Ok, now how to make them matched? To reduce the average procedures to be audited, we may have 3 separate ways: to reduce projects, to reduce procedures, to increase QAs. We know the third is forbidden; and the first seems to cut the feet to fit the shoes, it is unacceptable. How about the second? All of the procedures are established to make management system more standard and effective, and they can’t be abolished for lack of QA to audit them. We are at the dead end now.
So there must be something missed in the above analysis process. Let’s check the situation again, we haven’t considered the projects complaints! They think some procedures are useless and less effective. So the missed problem is whether the procedures are matched with the projects.
As survey data shows, quite a few project managers think they have to perform some procedures which they don’t need in fact. Such is true; the procedure is established for all of the projects, and however projects are different in nature, such as domain, staff experience, maturity, etc.. Of course tailoring is allowable, but it is limited in very small scope in the procedure, such as several items. The managers are unsatisfied with such tiny tailoring, which is almost meaningless for them.
I ask them: “What is the ideal procedure for you?”
Some one answer: “It should be a procedure for my project nature, which could standardize my staff’s behaviour. While performing it we would set forth the reasonable target based on the historical performance of mine and the organization objective. QA should audit it in accordance with this target. Just like I’m only wearing the shoes fitting me.” I like this ideal procedure too. So the ideal process system for a project is composed of the ideal procedures. When the process system was born, it was almost ideal for serving only a few projects. As it develops, the projects are quite different, so it is less and less ideal. How to make it more ideal again? It means every project could have, or almost have perfect procedures for itself. However if a procedure is so specific, it won’t be an organizational procedure. Now we have a physical contradiction: the procedure should be specific for a project, at same time it couldn’t be so specific for the organization.
We always solve contradictions with the Inventive Principles. We take the example of Segmentation to solve this problem. How about segment the procedures according to the process’s staged goals? For example, the basic goal of a process should be standardization, then to be effectiveness, and the ultimate destination is excellence. Every procedure is segmented into parts with different maturity level, so the project could choose the most suitable parts depending on its desired goal for the process. Of course some procedures are only applied for some particular stages.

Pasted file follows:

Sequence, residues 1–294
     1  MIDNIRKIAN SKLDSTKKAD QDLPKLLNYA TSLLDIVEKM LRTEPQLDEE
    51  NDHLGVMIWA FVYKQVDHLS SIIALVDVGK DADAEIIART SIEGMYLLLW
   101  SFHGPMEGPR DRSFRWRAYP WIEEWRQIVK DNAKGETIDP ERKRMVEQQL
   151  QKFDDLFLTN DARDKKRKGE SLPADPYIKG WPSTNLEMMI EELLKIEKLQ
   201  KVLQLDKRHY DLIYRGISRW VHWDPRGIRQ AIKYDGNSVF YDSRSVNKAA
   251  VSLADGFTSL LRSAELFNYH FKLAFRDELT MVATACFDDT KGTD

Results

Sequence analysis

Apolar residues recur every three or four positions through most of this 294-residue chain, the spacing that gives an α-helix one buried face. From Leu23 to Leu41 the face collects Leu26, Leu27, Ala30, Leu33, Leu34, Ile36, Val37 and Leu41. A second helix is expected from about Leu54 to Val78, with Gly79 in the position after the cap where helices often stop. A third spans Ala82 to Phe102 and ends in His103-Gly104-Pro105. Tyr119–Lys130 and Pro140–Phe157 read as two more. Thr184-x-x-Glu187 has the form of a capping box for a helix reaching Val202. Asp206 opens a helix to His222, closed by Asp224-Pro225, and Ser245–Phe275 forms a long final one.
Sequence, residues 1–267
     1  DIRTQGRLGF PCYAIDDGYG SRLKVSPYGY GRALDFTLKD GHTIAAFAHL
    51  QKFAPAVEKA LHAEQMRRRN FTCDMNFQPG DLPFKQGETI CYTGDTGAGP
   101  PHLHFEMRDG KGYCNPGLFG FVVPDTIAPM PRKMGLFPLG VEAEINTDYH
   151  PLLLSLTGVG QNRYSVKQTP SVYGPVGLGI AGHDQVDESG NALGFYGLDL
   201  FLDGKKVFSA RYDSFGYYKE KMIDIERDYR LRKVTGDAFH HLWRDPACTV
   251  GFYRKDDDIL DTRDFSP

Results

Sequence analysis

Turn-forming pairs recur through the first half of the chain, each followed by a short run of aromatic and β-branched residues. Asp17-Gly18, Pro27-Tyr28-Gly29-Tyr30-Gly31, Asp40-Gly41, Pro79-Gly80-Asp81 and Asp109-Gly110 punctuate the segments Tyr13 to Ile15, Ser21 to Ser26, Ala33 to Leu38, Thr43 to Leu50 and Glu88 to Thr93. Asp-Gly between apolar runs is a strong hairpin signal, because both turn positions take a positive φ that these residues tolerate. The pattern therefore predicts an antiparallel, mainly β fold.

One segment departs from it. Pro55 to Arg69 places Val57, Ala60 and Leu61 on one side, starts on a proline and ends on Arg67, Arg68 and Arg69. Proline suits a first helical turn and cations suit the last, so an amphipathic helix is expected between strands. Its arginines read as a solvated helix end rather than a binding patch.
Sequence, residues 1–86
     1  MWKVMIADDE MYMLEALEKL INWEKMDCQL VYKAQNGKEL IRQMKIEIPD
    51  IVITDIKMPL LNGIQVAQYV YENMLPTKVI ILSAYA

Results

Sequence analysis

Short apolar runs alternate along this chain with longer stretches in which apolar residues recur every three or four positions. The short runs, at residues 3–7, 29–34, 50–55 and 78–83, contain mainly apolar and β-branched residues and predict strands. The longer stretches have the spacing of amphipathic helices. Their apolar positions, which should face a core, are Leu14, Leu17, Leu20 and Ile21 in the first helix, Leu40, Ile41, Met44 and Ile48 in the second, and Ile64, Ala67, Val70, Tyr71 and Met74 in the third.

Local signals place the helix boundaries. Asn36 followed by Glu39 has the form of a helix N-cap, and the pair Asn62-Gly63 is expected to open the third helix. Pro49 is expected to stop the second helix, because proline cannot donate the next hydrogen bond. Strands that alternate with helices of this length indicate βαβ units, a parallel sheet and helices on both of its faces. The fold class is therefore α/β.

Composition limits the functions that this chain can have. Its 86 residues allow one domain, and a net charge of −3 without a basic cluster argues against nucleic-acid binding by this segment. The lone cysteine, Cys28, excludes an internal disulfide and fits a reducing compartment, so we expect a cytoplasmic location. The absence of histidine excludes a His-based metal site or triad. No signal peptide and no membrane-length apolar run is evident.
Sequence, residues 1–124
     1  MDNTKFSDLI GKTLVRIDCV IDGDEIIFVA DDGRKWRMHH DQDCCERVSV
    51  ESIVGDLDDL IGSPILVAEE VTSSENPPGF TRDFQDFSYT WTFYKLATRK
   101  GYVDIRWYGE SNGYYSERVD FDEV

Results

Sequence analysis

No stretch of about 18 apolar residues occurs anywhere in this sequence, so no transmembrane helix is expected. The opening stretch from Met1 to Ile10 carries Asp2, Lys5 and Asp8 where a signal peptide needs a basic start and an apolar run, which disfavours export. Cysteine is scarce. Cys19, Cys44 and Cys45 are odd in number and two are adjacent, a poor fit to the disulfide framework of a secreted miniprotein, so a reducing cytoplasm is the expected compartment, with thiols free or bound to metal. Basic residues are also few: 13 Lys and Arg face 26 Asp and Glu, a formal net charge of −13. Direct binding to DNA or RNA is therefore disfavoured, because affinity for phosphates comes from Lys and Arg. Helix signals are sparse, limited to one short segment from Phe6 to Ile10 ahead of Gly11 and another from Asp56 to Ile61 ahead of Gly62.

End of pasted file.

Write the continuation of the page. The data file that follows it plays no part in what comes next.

How about segment the projects according to the maturity? Different projects can locate every procedure to the appropriate stage aligned with their maturity levels. How about segment the QAs? Okay, it is a joke; people can’t be segmented. So how about segment their focus according to the maturity? They are supposed to pay more attention on the projects with higher maturity level.
Wonderful idea! Action now!
The procedures are segmented into 3 layers: basic, middle and advanced. The projects are segmented into 4 levels aligned with CMMI as the following table.
QA’s focus isn’t segmented temporarily, for all the procedures performed should be audited. But the audit effort is different. Say, if 1 unit effort is needed for auditing the procedure at the middle stage, 0.8 for basic as well as 1.5 for advanced. So the total effort is 395.2 now, while the original effort is 675. Segmentation reduces the effort to 41% of before. More importantly, the project managers are much more satisfied with the process system and they’d like to perform it. And the senior manager is satisfied too, because he knows QAs focus on the process effectiveness and the mature projects, same with his focus.
This is a simple practical case; TRIZ helps us not only to analyze the causality, but also determine the ideal system, and solve the problem with Inventive Principles. Haiyan Ru: 6sigma Blackbelt, 9-year practical experience in product development and process improvement.